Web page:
Over-regulated in Indiana
You can add Indiana to the group-think health department bureaucracy (From the Editor: “Local Honey and Public Safety,” June 2020). One of the consequences of these draconian rules is that they ruined the sale of honey at the State Fair. We used to have a beautiful and wonderful selection of honey from the north, south, east and west parts of the state. Now it has dwindled to the commercial and sideliner beekeepers, and a few hobbyists who can meet these silly rules. It is a loss to the honey loving public. It is a stick in the eye to the hobbyist who can’t earn a bit of money to support his beekeeping hobby. All these regulations are a solution in search of a problem.
Name withheld by request
Thanks for sharing your Indiana experience. I can understand your withholding your name for fear of antagonizing the local enforcement authorities; some in Missouri beekeeping circles were fearful that our attempt to change the law would only invite stronger enforcement. A reader from another state wrote with similar thoughts, and asked that his letter not be published for fear of “prejudice.”
But as it turned out, our biggest hurdle in the legislature was time. We encountered no opposition from either party; the effort came down to the wire only because we didn’t get the bill introduced until midway through the session. If you intend to try changing the law, I recommend getting the ball rolling now. Find a majority-party legislator who is expected to still be in office following November’s election, and work with them on a bill that can be introduced first thing. (In most states, bills can actually be “pre-filed” before the session begins, which gets them onto the committee calendars earlier.) In some states, including Missouri, non-controversial bills with no revenue implications can go from committee to a “Consent Calendar,” from which they can be exempted from the normal hearing calendar and enacted with a straight up-or-down vote.
Prison Beekeeping Education
Bless you, bless you, bless you for printing the article by Jacob Keiter (“First Step to a Second Chance,” June 2020) and for donating to his beekeeping program in the Bureau of Prisons. It was a heartwarming and generous act.
North Reading, Massachusetts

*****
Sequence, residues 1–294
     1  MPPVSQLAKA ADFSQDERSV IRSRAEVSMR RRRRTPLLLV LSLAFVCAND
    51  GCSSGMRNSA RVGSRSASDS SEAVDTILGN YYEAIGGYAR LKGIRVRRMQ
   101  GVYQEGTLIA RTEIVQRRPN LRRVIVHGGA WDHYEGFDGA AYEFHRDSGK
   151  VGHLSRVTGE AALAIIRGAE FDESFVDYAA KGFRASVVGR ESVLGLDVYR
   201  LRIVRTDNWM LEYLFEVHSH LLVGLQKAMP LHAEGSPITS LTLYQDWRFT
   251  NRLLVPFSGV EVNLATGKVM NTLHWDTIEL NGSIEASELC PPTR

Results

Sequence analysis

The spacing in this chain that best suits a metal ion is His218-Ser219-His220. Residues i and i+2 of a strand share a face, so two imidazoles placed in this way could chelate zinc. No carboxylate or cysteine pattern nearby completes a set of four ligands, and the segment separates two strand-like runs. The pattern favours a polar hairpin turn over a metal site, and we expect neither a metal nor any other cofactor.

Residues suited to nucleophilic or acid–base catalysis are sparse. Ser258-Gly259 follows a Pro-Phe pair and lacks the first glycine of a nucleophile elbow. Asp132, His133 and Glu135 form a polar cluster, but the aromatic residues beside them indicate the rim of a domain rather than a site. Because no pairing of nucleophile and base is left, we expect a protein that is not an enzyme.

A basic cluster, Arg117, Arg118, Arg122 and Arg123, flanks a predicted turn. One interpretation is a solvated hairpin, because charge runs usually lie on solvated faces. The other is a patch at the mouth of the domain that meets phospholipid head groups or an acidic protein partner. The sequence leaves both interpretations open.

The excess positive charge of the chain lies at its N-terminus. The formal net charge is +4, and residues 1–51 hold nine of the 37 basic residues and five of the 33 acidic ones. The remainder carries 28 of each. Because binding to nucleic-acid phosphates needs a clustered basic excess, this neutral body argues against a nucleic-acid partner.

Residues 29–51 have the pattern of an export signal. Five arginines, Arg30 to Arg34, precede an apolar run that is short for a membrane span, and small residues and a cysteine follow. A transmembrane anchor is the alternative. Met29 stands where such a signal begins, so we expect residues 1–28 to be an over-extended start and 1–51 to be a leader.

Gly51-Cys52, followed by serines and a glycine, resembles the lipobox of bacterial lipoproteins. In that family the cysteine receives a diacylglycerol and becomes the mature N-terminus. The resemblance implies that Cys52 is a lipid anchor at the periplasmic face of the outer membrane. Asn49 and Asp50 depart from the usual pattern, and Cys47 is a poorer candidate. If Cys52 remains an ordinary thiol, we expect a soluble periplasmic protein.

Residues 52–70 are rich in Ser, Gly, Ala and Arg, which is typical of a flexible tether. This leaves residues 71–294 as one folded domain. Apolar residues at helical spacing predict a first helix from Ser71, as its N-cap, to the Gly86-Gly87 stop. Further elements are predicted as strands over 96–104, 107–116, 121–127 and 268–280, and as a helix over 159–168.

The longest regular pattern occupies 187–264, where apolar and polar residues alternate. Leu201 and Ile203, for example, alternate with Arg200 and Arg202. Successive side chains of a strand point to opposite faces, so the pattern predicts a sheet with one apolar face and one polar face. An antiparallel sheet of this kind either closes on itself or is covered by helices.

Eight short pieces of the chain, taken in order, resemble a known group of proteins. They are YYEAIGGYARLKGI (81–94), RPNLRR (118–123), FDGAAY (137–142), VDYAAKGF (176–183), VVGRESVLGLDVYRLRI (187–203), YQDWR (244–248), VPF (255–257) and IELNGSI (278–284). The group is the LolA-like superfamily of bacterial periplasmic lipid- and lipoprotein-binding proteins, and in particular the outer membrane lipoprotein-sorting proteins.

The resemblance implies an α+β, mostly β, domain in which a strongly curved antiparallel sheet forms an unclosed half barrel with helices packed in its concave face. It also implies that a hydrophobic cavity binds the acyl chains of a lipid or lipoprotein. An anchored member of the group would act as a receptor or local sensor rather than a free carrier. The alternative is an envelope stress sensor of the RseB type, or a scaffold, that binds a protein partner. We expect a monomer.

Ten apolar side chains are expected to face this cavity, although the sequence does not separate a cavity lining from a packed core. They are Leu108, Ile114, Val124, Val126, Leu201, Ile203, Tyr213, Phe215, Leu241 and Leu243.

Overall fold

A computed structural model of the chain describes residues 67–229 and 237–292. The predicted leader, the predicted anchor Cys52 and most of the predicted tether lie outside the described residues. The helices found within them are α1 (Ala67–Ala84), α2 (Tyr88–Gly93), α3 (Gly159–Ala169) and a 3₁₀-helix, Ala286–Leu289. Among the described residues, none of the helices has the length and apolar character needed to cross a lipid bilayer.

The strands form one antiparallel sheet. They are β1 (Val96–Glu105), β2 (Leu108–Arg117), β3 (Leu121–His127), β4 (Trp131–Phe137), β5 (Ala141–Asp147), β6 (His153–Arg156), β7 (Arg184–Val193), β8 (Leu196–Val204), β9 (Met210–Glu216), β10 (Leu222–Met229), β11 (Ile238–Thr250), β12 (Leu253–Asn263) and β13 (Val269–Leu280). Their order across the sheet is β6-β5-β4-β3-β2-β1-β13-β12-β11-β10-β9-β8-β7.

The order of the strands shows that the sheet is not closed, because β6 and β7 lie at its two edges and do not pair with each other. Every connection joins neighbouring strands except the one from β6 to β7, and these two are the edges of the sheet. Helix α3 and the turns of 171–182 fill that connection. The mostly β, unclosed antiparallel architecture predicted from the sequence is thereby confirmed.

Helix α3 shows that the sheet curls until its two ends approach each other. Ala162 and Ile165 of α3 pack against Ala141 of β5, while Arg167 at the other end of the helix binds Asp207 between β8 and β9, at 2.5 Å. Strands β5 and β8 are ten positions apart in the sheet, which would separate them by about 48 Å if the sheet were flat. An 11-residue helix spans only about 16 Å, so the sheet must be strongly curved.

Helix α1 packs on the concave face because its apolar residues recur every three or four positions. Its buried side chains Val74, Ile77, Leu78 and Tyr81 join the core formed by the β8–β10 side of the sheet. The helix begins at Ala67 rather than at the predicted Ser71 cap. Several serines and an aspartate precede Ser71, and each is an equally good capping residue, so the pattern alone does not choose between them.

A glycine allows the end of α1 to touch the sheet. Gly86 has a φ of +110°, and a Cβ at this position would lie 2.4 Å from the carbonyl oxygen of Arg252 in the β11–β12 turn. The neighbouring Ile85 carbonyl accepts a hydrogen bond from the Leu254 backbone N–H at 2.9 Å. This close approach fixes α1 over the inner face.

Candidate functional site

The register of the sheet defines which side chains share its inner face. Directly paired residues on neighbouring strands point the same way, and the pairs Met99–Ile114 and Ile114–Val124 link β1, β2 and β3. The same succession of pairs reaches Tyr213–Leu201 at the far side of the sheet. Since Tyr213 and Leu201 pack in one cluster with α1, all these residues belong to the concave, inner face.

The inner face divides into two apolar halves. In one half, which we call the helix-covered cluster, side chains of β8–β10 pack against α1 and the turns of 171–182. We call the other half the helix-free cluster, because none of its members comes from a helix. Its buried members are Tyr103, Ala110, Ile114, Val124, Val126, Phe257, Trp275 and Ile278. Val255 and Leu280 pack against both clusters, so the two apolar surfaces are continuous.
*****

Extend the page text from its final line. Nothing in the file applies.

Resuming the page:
Thanks, Randy. The fact that Jacob is spending his time there helping others says something about his character, and we wish him well.
To give credit where credit is due, former Editor Kirsten Traynor used a donation to set up a small fund to help prisoners like Jacob who reach out for information on beekeeping. I’ve been happy to keep that going.
Rusty Burlew’s article (“CRISPR for the Curious: A Primer,” July 2020) was well-written. She describes CRISPR in terms nearly everyone can understand — a nearly impossible task for tackling something so complicated. Even I got a sense of what CRISPR does, and I’m not a scientist, nor do I play one on TV.
But in her article, she makes bacteria out to be very smart little, imaginative creatures with thinking ability and a pocketful of tools to protect themselves. The word for this might be “anthropomorphic,” assigning human traits to sub-human or non-human creatures/objects.
Rusty makes this all seem rather interesting, exciting and positive. Non-browning mushrooms and glowing cats — it all sounds rather intriguing, right? But what about a sentence like “In fact, researchers have refined the system to the point where they can delete, edit, or replace strings of code, or even single letters, with amazing speed and accuracy”? On one hand, a benign, well-meaning scientist might find a way to alter bad things out of a human baby; but what about a dangerous scientist with the tools to create monsters? “Most likely, CRISPR technology will revolutionize the world of agriculture” — well what if it’s not limited to ag? Who is keeping it in control? Is “evolving at breathtaking speed” necessarily a good thing? Do we really want “Enhanced techniques for assuring more precise cuts that reduce over-clipping and other uncertainties will soon be standard in labs everywhere”? In the hands of the wrong people, working to “create” adjustments to humans, driven and guided by wrong cultural worldviews, these amazing “advancements” could certainly come back to bite us. Rusty acknowledges that we might regret having tinkered with something much later, even generations later. Does that sound like a good idea?
Conclusion: Beware those who take on themselves the role of Master Adjuster of even our very genes. She ends with a warning, and I thank her for that: “In the meantime, deep thinking about what we should or should not do with such power should be a worldwide priority.” White mushrooms and green cats make us smile, but Godless scientists with Godless worldviews working at amazing speed to alter creation? Think while you read, people! If we open Pandora’s box, how do we shut it again?
Sioux Center, Iowa
Urban Beekeeping Survey: Not sure of these numbers in LA
William Blomstedt’s “An Urban Beekeeping Survey” in the June issue invites clarification of his preliminary findings.
I am an experienced hobbyist beekeeper with 3 years of experience mentoring backyard beekeepers in the …